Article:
She who loved us, she who sought us
Through the wild untrodden bushlands, Brought us healing, brought us comfort, Brought the sunlight to our darkness,
She has gone–the dear white Mother– Gone into the great Hereafter.

Never more on rapid waters
Shall she dip her flashing paddle, Nor again the dry leaves rustle
‘Neath her footstep in the forest, Never more shall we behold her
Eager, dauntless on her journeyings.

Now the children miss their teacher,
And the women mourn their helper;
And the sick, the weak, the outcast Long that she once more might touch them, Long to hear her speaking comfort,
Long to feel her strong hand soothing.

Much in loneliness and danger,
Fevered oft, beset with trouble,
Still she strove for us, her children; Taught us of the great good Spirit,
He who dwells beyond the sunrise;
Showed to us the love He bears us, By her own dear loving-kindness;
Told us not to fear the spirits,
Evil spirits in the shadows,
For our Father-God is watching,
Watching through the cloudless daytime, Watching at the silent midnight,
So that nothing harms His people;
Taught us how to love each other,
How to care for little children
With a tenderness we knew not,
How, with courtesy and honour,
To respect the gentle women,
Nor despise them for their weakness, But, as wives and mothers, love them.

Thus she taught, and thus she laboured; Living, spent herself to help us,
Dying, found her rest among us.
Let the dry, harsh winds blow softer And the river’s song fall lower,
While the forest sways and murmurs In the mystery of evening,
And the lonely bush lies silent,
Silent with a mighty sorrow.

Oh! our mother–she who loved us,
She who lost herself in service,
She who lightened all our darkness, She has left us, and we mourn her
With a lonely, aching sorrow.
May the great good Spirit hear us, Hear us in our grief and save us,
Compass us with His protection
Till, through suffering and shadow, We with weary feet have journeyed
And again our mother greets us
In the Land beyond the sunrise.

Both the Calabar Council and the Women’s Foreign Mission Committee in Scotland felt that the most fitting memorial to her would be the continuation of her work, and arrangements were accordingly made for the appointment and supervision of teachers and evangelists at Use, Ikpe, and Odoro Ikpe, and for the care of the children. It was also decided to realise her settlement scheme and call it “The Mary Slessor Home for Women and Girls,” with a memorial missionary in charge, and later an appeal for a capital sum of L5000 for the purpose was issued. It would have pleased Mary to know that the lady chosen for the position of memorial missionary was her old colleague Mrs. Arnot. She had worked hard and waited long for the accomplishment of this idea, and she may yet, from above, see of the travail of her soul and be satisfied….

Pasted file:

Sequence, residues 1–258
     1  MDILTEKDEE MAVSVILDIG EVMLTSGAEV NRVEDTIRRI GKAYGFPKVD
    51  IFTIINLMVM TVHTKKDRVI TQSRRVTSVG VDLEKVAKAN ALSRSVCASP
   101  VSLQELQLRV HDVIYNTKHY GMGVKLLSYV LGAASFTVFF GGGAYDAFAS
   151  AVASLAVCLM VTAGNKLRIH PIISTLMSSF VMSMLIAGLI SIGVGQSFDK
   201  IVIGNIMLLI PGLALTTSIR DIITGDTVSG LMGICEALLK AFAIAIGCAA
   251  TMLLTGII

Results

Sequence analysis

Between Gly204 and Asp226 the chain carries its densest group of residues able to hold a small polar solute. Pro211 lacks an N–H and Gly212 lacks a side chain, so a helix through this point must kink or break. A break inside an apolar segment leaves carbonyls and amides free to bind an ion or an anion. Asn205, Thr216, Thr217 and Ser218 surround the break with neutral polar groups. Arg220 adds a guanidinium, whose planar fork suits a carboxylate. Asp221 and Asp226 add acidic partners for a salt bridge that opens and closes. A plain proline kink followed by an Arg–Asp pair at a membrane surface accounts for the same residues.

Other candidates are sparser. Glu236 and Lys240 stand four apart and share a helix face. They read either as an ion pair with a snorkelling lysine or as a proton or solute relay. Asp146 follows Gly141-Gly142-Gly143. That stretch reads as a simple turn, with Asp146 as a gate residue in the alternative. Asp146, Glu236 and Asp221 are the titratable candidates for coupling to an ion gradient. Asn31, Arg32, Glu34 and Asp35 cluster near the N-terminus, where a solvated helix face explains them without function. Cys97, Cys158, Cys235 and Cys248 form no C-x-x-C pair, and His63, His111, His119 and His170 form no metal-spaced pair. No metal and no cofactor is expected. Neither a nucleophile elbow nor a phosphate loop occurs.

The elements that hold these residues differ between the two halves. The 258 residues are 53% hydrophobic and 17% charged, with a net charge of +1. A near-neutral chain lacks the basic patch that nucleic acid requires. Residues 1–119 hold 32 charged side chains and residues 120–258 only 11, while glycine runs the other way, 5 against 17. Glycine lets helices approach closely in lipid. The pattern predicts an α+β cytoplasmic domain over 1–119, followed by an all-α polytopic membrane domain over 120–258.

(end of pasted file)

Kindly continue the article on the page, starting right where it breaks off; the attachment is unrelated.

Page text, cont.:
By and by her more special possessions were collected and sent home. If she had been an ordinary woman one might have expected to see a collection of the things that a lady likes to gather about her; the dainty trinkets and souvenirs, the jewellery and knicknacks that have pleasant associations connected with them. When the little box arrived it was filled less with these than with pathos and tears. It held merely a few much-faded articles, one or two Bibles, a hymn-book (the gift of some twin-mother at home), an old-fashioned scent-bottle, a pebble brooch, hair bracelet, two old lockets, and her mother’s ring– all these were evidently relics of the early days–a compass, and a fountain pen.

But there also came a large packet of letters, those received during her last years, which revealed where her treasures on earth were stored–in a multitude of hearts whose love she had won. They were from men in Nigeria–Government officials, missionaries, and merchants– from men and women in many lands, from the mothers and sisters of the “boys” to whom she had been kind, from Church officials, from children –all overflowing with affection and admiration and love. She had often called herself a “rich woman.” One learned from these letters the reason why.


Miss Slessor had a sure consciousness of her limitations, and knew she was nothing but a forerunner, who opened up the way and made it possible for others to come in and take up the work on normal lines. Both in the sphere of mission exploration and in the region of ideas she possessed the qualities of the pioneer,–imagination, daring, patience,–and like all idealists she met with opposition. It was not, however, the broad policy she originated that was criticised, so much as matters of detail, and no doubt there was sometimes justification for this. She admitted that she had no gifts as an organiser, and when she engaged in constructive work it was because there was no one else to do it.